Happiness is the result of right actions. “The happiness of those who want to be popular depends on others; the happiness of those who seek pleasure fluctuates with moods outside their control; but the happiness of the wise grows out of their own free acts.” (Aurelius) The only path to reliable happiness is to make it an inside job, and one dependent only on the wisdom of your own acts and attitudes. As Viktor Frankl, who survived the horrors of concentration camp during World War II, and who went on to write Man’s Search For Meaning, “When we are no longer able to change a situation, we are challenged to change ourselves.” Even if you feel hemmed in by circumstances beyond your control, or you have to deal with people who are challenging, you have the freedom to choose how to view the situation, to examine your internal reactions and what they might tell you about yourself, and to act with integrity. Look in the mirror. “Whenever you are about to find fault with someone, ask yourself the following question: What fault of mine most nearly resembles the one I am about to criticize?” (Aurelius) Often (although not always) we become the most incensed by those characteristics or actions of others that we have not come to terms with in ourselves (a defense mechanism known as projection). Consider the adage that when we point one finger at someone else, three fingers are pointing back at us. Instead of focusing on other people’s shortcomings, consider how you could improve on this very issue in yourself. By doing so, you will exert your energy in the one place it can make a significant change: in yourself. We become what we focus on. “The soul becomes dyed with the color of its thoughts”. (Aurelius) What we choose to focus on influences our character. Examine what you tend to think about. Are your ponderings bringing about the sort of world in which you want to live? If you dwell on resentment, anger, self-pity, or fear, you’re likely to find examples of these everywhere you go – in other people, your personal circumstances, and the world at large. On the flip side, if you concentrate on love, forgiveness, kindness, and courage, you will be more attuned to demonstrations of these in your outer and inner world. Pay attention to how you are molding your character. Look for the lesson. “If someone is able to show me that what I think or do is not right, I will happily change, for I seek the truth, by which no one was ever truly harmed. It is the person who continues in his self-deception and ignorance who is harmed.” (Aurelius) When we are on the receiving end of constructive criticism and we focus on learning the associated lessons, we will be all the better for it. We can, in fact, be thankful for the feedback, for it can help us progress into more emotionally mature, insightful, and wise people. You are in control of your attitude. “Here is a rule to remember in future, when anything tempts you to feel bitter: not ‘this is misfortune’, but ‘To bear this worthily is good fortune’.” (Aurelius) When we find ourselves in upsetting situations, one option is to dwell on the unfairness or difficulty of our plight. While it’s natural to have such a knee-jerk reaction, to remain in this state will not do us any favors. If we turn our attention to asking ourselves, ‘What is the best possible attitude to have right now?’ and ‘What is the next and best indicated step I can take?’, we are in the position to both grow in character and to take wise actions in the best interest of all involved. Such a stance is also empowering, because while we cannot always choose what happens to us, we have a choice as to who and what it makes us become. Appreciate what you have. “Do not indulge in dreams of having what you have not, but reckon up the chief of the blessings you do possess, and then thankfully remember how you would crave for them if they were not yours.” (Aurelius) It is such a waste of time and energy, not to mention being wearing on our souls, minds, and bodies, to wish for things we don’t have. To do so is to be forever chasing a mirage which will always be a bit further down the road, and to miss out on appreciating the many blessings we do have in our lives. It’s wiser and healthier to be grateful for all the things we have right now. To quote Seneca, “No person has the power to have everything they want, but it is within their power not to want what they don’t have, and to cheerfully put to good use what they do have.” To take it one step further, we can imagine what our lives would be like without those things we most cherish, be they our spouse, our friends, pets, enchanting sunrises, eyesight, or home. In doing so, we are likely to become more conscious (and more often) of how fortunate we are right now. Behave honorably. “Never esteem anything as of advantage to you that will make you break your word or lose your self-respect.” (Aurelius) No acquisition is worth degrading your soul. How would you live with yourself? How could you experience any lasting peace or happiness, when you’re not comfortable with who you are inside? Be true to yourself and your values. “Whatever anyone does or says, I must be emerald and keep my colour.” (Aurelius) While doing so may engender opposition from other people at times, because they may have competing interests, your duty (at least if you want to live with a modicum of inner peace and dignity) is to live in alignment with your chosen principles. Don’t worry about other people’s opinions of you. “If any man despises me, that is his problem. My only concern is not doing or saying anything deserving of contempt.” (Aurelius) Focus on living in a honorable and moral way. If such is the case, keep in mind that it would be much more unfortunate to be the person who is consumed with hatred towards you, because that individual is undoubtably unhappy and at war with himself/herself.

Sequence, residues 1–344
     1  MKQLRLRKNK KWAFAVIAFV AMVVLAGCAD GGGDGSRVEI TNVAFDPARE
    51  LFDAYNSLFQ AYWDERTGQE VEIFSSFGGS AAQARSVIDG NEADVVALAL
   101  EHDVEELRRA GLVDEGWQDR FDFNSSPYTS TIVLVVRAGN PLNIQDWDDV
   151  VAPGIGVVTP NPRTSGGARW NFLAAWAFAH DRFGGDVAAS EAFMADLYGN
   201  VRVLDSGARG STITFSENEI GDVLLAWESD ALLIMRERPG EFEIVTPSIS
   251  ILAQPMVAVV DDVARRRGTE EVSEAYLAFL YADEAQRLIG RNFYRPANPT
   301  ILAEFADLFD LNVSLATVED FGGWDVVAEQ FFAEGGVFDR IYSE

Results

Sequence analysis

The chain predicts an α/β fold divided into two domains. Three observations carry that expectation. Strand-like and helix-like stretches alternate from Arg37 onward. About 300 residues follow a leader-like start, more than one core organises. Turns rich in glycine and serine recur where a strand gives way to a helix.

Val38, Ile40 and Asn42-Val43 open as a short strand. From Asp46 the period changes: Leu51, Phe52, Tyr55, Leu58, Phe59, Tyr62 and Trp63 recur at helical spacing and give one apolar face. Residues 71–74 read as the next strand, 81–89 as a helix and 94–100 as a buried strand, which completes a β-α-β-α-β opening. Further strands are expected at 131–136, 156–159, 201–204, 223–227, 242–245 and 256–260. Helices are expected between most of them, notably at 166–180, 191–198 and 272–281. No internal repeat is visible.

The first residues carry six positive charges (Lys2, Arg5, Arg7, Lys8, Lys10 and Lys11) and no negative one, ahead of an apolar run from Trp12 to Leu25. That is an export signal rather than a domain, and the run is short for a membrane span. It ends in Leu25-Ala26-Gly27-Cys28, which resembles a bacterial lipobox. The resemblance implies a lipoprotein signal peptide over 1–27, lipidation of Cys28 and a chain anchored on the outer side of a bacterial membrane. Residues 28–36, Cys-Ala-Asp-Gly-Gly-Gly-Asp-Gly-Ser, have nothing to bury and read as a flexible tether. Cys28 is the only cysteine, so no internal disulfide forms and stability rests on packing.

The principles of Stoicism have been incorporated into various religions and spiritual philosophies throughout the ages, to our present day. In fact, even the Big Book of Alcoholics Anonymous contains an oft-quoted passage about acceptance and attitude which reflects Stoic tenets: “And acceptance is the answer to all my problems today…. Unless I accept life completely on life’s terms, I cannot be happy. I need to concentrate not so much on what needs to be changed in the world as on what needs to be changed in me and in my attitudes.” (Anonymous)
We could all benefit from a liberal dose of Stoicism, which could help us not to fall victim to excessive emotionality, reliance on other people’s opinions for our self-esteem, or wasting our time and energy bemoaning the sorry state of things over which we have no control. Instead, we can turn our attention to that we can do something about – namely, our character and attitudes.